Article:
From Three-star recruit into Potential All-American: Detailing the career of Nevada’s Grant Sherfield

Heading into the 2020-21 season, Grant Sherfield is poised to become a National name, potential All-American. How did he get to this point? From ranked 164th in the 2019 recruiting class, formed into a top-20 player in America. 

So, where did the journey begin?

Born in Wichita, Sherfield found Basketball at a young age — “I spent a lot of time in gyms honing my skills, thanks to several coaches, and my dad who played Basketball at an HBCU, I was really able to learn the concepts of the game at an early age, it made me highly skilled and mature.”

Entering his teenage years, Sherfield’s family moved to Fort Worth, Texas to pursue career opportunities. “We moved to Texas when I was 13 years old, so my dad could advance his career in education (my mom was already a principal), Texas AAU was evolving, so it was a great move, great timing. Sherfield said, ” I played with Marcus Smart’s Adidas Grassroots program in AAU and was able to gain national exposure as I entered my Freshman year.”

That recognition early on led to offers from prestigious programs such as Baylor, Kansas, Oklahoma State, and Texas. Landing offers of that magnitude at 15-years-old isn’t super common.

On October 30, 2017, Sherfield announced his commitment to UCLA. Westwood will always be an enticing destination for recruits, thanks to their “Blue Blood” history and location. Furthermore, they are fresh off a season where Lonzo Ball took the country by storm.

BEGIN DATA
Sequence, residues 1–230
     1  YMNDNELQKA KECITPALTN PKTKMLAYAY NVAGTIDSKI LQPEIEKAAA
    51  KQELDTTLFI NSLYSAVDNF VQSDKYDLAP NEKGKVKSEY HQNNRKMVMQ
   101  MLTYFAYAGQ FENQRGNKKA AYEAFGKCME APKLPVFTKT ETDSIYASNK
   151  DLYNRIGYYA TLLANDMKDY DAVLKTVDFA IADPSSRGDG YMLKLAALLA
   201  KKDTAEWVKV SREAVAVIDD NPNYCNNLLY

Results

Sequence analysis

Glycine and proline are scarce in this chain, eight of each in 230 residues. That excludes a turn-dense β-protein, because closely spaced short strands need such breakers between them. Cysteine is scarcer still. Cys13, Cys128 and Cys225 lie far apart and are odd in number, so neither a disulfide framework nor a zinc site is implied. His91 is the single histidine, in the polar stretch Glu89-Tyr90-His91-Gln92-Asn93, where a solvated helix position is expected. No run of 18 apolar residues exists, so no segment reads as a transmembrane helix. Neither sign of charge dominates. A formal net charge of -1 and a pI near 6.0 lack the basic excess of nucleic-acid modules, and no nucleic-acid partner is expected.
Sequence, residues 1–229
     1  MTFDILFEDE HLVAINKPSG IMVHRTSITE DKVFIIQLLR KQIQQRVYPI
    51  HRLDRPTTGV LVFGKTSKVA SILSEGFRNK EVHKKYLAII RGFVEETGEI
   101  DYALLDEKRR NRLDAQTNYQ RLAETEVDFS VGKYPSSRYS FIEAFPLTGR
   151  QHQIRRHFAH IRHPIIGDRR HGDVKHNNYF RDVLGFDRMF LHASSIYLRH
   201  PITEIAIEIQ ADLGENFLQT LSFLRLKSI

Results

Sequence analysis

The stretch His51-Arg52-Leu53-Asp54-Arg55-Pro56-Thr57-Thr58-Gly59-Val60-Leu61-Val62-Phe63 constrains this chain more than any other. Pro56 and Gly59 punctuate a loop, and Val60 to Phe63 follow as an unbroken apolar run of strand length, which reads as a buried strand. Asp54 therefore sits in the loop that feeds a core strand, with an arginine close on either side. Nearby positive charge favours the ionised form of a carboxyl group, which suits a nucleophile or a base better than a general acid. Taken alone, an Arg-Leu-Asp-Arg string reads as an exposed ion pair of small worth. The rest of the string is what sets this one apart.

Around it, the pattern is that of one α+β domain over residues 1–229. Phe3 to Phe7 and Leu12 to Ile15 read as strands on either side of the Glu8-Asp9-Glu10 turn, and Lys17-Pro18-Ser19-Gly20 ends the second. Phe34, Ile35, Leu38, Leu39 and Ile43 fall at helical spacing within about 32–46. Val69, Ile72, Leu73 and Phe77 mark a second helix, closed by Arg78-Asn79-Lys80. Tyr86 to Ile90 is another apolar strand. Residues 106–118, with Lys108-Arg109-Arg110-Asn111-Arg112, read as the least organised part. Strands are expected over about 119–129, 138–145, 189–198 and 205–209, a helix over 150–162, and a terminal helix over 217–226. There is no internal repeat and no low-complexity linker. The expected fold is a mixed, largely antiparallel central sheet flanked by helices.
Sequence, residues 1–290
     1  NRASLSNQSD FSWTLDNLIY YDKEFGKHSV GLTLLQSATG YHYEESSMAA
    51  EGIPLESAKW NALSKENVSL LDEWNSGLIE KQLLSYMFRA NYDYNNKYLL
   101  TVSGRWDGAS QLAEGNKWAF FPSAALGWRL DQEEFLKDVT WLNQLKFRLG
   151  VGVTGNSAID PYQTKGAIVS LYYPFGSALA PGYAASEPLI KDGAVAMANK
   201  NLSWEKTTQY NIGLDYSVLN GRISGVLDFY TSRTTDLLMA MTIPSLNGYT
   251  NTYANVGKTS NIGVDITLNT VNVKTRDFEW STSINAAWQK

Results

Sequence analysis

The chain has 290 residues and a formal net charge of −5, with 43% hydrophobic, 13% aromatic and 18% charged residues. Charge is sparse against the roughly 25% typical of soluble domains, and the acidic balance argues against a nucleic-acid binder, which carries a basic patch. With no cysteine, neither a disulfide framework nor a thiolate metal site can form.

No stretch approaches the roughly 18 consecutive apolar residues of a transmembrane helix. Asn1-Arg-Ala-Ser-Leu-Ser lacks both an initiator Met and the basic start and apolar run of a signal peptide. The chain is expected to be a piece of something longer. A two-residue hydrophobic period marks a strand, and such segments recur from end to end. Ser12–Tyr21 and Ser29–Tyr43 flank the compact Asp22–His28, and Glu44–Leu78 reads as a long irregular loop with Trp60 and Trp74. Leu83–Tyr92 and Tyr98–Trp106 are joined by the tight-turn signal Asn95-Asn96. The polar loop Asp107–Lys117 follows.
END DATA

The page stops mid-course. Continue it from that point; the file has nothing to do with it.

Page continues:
The extensive history of the Bruins played a part. Sherfield said, “I chose UCLA because (Steve) Alford recruited me early, and the history of the program.”  

Getting comfortable with coaching staff during recruitment is an essential piece of the process. — “I developed a trustworthy relationship with Alford and Coach (Duane) Brossard. They were authentic and candid from the jump.” Sherfield said

The relationship with Steve Alford would pay dividends years later, the second time around when Sherfield later became available once again. 

While Sherfield became a superstar in the DFW (Dallas Fort-Worth area) at North Crowley high, “A tradition-rich program with a highly successful coach,” he said. But it wasn’t exactly a hotbed for producing Division One caliber talent, as Lousiana Tech’s Isaiah Crawford is the lone Division One player from Sherfield’s days at North Crowley. Many burgeoning recruits move to Prep schools to face better competition. That happened for Sherfield when he moved onto Sunrise Christian Academy, located in his hometown of Wichita. 

“It was tough leaving North Crowley,” Sherfield told me. “It allowed me to face Division One competition every day in practice, which prepared us for a run to the Geico Championship,”

The 2018-19 Sunrise Christian roster wasn’t short of talent. Sherfield was Sunrise Christian’s 6th highest-ranked recruit in his respective recruiting class. (per 247sports), behind N’Faly Dante (Oregon), Malik Hall (Michigan State), Tray Jackson (Missouri, now Seton Hall), Austin Crowley (Ole Miss), and Jordan Turner (Baylor). Each of those players committed to High-Major schools.